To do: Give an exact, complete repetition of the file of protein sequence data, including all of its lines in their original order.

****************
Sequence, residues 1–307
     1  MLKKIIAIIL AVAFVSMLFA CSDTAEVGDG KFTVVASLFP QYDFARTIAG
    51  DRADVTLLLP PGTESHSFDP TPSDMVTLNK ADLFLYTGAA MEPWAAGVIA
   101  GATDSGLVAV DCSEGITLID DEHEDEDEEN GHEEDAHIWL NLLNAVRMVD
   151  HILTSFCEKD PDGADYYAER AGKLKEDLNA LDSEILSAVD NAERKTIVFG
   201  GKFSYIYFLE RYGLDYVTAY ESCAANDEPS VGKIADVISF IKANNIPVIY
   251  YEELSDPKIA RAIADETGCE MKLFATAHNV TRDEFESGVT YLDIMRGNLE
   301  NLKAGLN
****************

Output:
Sequence, residues 1–307
     1  MLKKIIAIIL AVAFVSMLFA CSDTAEVGDG KFTVVASLFP QYDFARTIAG
    51  DRADVTLLLP PGTESHSFDP TPSDMVTLNK ADLFLYTGAA MEPWAAGVIA
   101  GATDSGLVAV DCSEGITLID DEHEDEDEEN GHEEDAHIWL NLLNAVRMVD
   151  HILTSFCEKD PDGADYYAER AGKLKEDLNA LDSEILSAVD NAERKTIVFG
   201  GKFSYIYFLE RYGLDYVTAY ESCAANDEPS VGKIADVISF IKANNIPVIY
   251  YEELSDPKIA RAIADETGCE MKLFATAHNV TRDEFESGVT YLDIMRGNLE
   301  NLKAGLN